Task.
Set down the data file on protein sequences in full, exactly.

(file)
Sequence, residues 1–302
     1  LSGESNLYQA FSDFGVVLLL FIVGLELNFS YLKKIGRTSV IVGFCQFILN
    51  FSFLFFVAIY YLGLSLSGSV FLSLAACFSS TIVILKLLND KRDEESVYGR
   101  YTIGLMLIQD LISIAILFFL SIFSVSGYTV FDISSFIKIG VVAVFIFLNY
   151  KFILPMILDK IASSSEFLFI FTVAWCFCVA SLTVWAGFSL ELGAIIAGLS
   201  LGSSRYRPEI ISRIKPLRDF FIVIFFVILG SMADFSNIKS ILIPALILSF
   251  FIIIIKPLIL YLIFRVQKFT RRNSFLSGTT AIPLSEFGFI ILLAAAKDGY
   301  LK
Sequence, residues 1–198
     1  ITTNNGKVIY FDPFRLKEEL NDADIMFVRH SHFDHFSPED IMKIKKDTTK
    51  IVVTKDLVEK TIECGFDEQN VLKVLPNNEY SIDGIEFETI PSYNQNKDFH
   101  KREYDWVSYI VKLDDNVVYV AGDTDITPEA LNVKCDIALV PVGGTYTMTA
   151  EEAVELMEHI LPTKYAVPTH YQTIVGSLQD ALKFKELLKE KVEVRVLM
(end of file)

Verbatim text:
Sequence, residues 1–302
     1  LSGESNLYQA FSDFGVVLLL FIVGLELNFS YLKKIGRTSV IVGFCQFILN
    51  FSFLFFVAIY YLGLSLSGSV FLSLAACFSS TIVILKLLND KRDEESVYGR
   101  YTIGLMLIQD LISIAILFFL SIFSVSGYTV FDISSFIKIG VVAVFIFLNY
   151  KFILPMILDK IASSSEFLFI FTVAWCFCVA SLTVWAGFSL ELGAIIAGLS
   201  LGSSRYRPEI ISRIKPLRDF FIVIFFVILG SMADFSNIKS ILIPALILSF
   251  FIIIIKPLIL YLIFRVQKFT RRNSFLSGTT AIPLSEFGFI ILLAAAKDGY
   301  LK
Sequence, residues 1–198
     1  ITTNNGKVIY FDPFRLKEEL NDADIMFVRH SHFDHFSPED IMKIKKDTTK
    51  IVVTKDLVEK TIECGFDEQN VLKVLPNNEY SIDGIEFETI PSYNQNKDFH
   101  KREYDWVSYI VKLDDNVVYV AGDTDITPEA LNVKCDIALV PVGGTYTMTA
   151  EEAVELMEHI LPTKYAVPTH YQTIVGSLQD ALKFKELLKE KVEVRVLM